Story by Suzanna Logan
Photos by Roger Wade
They say you only have one chance to make a good first impression. The way Patrick Seaman figures it, the same goes for houses. That’s why he designed his timber frame beauty in the Finger Lakes region of New York to win visitors right away. Just through the entryway, a canopy of timbers soars 30-feet overhead, forming an impressive, barrel-vaulted ceiling. “Every time someone walks in, their heads go straight up, and they say, ‘Wow,’” says Patrick. Building a home that wooed guests from the get-go was more than a personal point of pride for Patrick.
As the owner and president of Woodhouse, the Timber Frame Company
, in Mansfield, Pennsylvania, he needed the house to show off what his joinery shop could accomplish. “We bring folks by two or three times a week to see the place,” he says. Although the couple’s personal tastes include a simple, streamlined aesthetic, Patrick took a no-holds-barred approach with the woodwork in the home.
“The frame is quite fancy and sophisticated,” he says. Most notably, a series of king post trusses with curved chords span the length of the home, adding strength and character. “We spliced the pieces of eastern white pine with a black walnut spline to create a curve that you wouldn’t normally be able to get,” he says.
While the intricate woodwork is a nod to Patrick’s professional life, he had only his bustling family of four in mind when he drew up the floor plan. “ The kids are always running around; the dogs are always running around. It’s a loud, family home with a lot going on all the time,” he says. “We designed this home around how we live.” With two young children, the couple wanted the master suite and children’s rooms in close proximity on the second floor. Patrick’s wife also wanted a laundry room on the same level. “Those elements were really the starting point of our footprint,” he says. Other sensible must-haves included an office for Patrick, as well as a mudroom with ample space to stash out-the-door essentials.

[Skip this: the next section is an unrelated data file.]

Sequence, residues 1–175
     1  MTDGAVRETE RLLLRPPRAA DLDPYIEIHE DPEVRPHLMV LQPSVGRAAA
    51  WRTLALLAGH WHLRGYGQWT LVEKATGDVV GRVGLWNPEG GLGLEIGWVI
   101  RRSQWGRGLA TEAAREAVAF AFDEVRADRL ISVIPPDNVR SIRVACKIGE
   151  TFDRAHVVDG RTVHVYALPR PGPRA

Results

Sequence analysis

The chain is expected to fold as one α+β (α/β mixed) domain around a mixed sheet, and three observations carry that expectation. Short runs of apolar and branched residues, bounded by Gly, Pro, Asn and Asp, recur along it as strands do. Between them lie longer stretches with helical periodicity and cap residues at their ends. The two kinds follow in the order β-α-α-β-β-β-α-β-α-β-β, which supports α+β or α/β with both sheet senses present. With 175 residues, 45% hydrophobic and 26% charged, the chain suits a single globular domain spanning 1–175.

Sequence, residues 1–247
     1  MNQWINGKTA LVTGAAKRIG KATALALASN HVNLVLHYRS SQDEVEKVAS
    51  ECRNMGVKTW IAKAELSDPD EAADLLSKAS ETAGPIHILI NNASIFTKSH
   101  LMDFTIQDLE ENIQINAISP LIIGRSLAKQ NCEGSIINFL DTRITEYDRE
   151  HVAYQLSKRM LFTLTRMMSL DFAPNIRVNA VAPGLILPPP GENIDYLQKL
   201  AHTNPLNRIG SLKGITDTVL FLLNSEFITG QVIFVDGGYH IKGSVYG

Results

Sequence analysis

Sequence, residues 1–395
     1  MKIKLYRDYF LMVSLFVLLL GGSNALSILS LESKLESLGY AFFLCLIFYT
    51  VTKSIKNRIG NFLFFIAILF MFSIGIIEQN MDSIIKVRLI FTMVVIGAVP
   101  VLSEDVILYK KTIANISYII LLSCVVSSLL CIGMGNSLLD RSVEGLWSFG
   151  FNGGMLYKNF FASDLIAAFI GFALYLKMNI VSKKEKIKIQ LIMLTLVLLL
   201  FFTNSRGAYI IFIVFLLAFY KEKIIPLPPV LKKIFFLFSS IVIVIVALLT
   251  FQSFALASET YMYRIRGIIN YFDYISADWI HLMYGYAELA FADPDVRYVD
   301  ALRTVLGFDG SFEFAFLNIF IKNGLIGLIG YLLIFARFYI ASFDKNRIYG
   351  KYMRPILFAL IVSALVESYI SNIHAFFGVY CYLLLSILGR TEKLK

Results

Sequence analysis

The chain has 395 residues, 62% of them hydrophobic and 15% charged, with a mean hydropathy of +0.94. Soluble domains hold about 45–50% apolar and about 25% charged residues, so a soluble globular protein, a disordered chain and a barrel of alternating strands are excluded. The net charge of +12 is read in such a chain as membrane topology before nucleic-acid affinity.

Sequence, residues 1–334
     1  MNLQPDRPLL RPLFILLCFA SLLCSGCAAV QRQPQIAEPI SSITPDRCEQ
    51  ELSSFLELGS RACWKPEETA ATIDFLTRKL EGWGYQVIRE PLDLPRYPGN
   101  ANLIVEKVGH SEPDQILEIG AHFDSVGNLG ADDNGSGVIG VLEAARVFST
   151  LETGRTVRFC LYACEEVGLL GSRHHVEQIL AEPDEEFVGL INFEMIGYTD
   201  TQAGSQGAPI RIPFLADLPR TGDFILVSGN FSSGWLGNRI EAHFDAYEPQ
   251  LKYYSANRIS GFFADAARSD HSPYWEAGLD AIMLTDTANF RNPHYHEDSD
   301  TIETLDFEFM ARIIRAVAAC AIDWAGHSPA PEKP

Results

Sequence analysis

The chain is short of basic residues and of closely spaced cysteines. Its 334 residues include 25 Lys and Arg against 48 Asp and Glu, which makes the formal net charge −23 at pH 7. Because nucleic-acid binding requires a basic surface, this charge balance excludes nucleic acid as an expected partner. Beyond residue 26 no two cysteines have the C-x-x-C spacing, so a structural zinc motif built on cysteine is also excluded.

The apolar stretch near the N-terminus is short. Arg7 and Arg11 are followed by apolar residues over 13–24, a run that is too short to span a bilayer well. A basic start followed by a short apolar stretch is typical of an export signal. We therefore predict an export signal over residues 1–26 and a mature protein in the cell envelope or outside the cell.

Purely practical considerations aside, the couple’s love of entertaining and the outdoors drove the design on the main level. “It’s a kitchen-centric plan,” Patrick says. As the hub of the home, the kitchen
is as suited to meeting the family’s daily activities as it is to hosting impromptu soirees. A large island with comfortable seating is an ideal spot for the kids to do homework or for guests to settle in and chat with the cook during dinner parties. Adirondack chairs around the pond add a pop of color to the natural landscape and invite guests to gather ‘round the fire. Whether the house is full of visitors or it’s just the family of four hanging out, the lower level is a popular gathering place. The basement includes a pool table, theater room and wet bar. “I’m sorry to admit the television room has to be the kids’ favorite spot,” Patrick says, laughing.
The area also includes a bedroom and bathroom, which brings the home’s total to an ample four bedrooms and three-and-a-half baths. To make the main floor layout more efficient and create the strong indoor-outdoor connection he and his wife craved, Patrick included a number of exit points to the back deck
. “You can open up multiple French doors, so you feel like the inside and outside are all one,” he says.
During mild weather months, the deck is an ideal spot for dining alfresco or cozying up in front of the outdoor fireplace. From there, impressive sights and sounds abound. Open fields, mature hardwood forests and a pond fed by one of the property’s 11 waterfalls are all just a stone’s throw away. “We love to just sit and listen to the waterfall,” Patrick says. “It really is a spectacular place."